By Alyssa Rosenberg
Gene Demby has a true barnburner of a piece in this month’s American Prospect breaking down America’s fears of a black superhero. He writes:
A purple-skinned alien hurtles across the cosmos, bearing a ring that grants its wearer unimaginable power. The alien is mortally wounded, and the ring is seeking its next wearer — the Green Lantern, Earth’s champion — by finding the planet’s most courageous inhabitant. In a world with billions of people, what are the chances that the ring’s next owner is a white American dude?Pretty high, apparently…In the early days, whiteness was so pervasive in comics that it could actually span the universe: a Kryptonian Superman could crash-land in Kansas and pass as an ordinary white farm boy.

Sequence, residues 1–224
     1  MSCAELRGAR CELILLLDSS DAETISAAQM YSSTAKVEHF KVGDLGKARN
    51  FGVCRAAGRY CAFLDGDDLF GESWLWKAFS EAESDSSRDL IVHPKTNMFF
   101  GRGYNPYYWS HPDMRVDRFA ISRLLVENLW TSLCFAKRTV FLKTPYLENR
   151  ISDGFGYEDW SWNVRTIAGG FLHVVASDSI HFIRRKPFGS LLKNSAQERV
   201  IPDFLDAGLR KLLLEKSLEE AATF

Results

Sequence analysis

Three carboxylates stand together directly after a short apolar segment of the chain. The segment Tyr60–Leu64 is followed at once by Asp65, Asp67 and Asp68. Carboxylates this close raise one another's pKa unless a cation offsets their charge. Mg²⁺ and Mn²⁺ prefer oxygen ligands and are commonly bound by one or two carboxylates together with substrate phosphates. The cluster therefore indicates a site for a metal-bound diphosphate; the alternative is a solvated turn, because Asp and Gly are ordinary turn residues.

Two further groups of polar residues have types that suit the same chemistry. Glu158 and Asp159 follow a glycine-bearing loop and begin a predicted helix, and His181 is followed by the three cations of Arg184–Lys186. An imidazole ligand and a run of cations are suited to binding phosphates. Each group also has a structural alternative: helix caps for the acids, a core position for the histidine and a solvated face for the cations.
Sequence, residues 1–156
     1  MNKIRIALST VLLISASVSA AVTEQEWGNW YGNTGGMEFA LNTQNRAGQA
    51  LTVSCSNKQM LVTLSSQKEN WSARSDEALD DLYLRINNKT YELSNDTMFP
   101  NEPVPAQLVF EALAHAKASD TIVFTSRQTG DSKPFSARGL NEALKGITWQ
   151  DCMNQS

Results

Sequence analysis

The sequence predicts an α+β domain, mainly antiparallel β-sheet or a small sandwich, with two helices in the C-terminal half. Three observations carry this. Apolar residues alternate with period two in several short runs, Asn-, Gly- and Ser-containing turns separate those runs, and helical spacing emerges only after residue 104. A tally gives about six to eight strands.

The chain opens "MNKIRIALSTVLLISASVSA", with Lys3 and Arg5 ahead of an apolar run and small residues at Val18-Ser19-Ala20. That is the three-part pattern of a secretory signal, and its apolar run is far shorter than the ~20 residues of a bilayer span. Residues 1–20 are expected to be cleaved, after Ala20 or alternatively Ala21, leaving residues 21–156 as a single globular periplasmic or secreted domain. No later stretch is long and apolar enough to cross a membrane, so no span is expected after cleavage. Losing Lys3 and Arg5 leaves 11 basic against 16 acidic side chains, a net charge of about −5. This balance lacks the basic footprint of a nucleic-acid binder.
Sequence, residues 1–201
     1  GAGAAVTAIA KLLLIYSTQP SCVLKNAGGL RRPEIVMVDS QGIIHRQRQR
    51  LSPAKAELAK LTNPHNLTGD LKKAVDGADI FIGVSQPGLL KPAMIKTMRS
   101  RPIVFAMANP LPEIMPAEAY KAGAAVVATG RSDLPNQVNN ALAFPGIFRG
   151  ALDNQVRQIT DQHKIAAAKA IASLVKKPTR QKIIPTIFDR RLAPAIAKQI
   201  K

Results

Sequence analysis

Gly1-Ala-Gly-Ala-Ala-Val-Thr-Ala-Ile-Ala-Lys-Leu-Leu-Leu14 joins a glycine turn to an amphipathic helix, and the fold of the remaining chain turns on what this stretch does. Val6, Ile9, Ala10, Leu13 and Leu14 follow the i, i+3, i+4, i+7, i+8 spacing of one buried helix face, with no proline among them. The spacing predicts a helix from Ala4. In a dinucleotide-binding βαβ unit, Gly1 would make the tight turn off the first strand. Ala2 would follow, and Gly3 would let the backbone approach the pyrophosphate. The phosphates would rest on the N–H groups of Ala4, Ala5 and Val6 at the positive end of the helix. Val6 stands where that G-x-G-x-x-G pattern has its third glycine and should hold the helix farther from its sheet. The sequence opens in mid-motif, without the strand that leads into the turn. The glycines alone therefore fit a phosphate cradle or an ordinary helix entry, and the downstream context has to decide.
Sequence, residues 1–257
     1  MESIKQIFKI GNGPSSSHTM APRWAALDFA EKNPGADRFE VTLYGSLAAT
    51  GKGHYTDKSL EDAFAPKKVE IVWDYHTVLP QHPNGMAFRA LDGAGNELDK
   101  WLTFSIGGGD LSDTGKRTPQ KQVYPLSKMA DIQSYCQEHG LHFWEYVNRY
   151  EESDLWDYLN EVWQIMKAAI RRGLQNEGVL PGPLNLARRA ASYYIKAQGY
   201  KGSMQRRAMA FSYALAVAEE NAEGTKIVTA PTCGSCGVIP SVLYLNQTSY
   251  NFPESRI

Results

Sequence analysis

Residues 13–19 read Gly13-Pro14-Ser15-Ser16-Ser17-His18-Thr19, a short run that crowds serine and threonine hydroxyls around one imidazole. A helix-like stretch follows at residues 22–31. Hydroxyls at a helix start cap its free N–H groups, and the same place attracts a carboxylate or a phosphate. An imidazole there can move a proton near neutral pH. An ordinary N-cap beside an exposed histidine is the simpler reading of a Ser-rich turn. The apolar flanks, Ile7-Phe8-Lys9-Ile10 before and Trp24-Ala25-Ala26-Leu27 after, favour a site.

You really should read the whole thing. It’s a critical reminder of how resistant our popular culture can be to images of black power. And if we want different kinds of superhero stories, focusing on different heroes, whether they’re protecting their countries from colonization, trying to balance their duties as crimefighters with their day job as Secretary of Education, or working in superheroically under-served communities (not to mention pioneering new areas of legal practice—I want my She-Hulk movie), is the quickest way to find ones worth telling. There are only so many ways to portray yet another white dude trying to come to terms with his newfound specialness.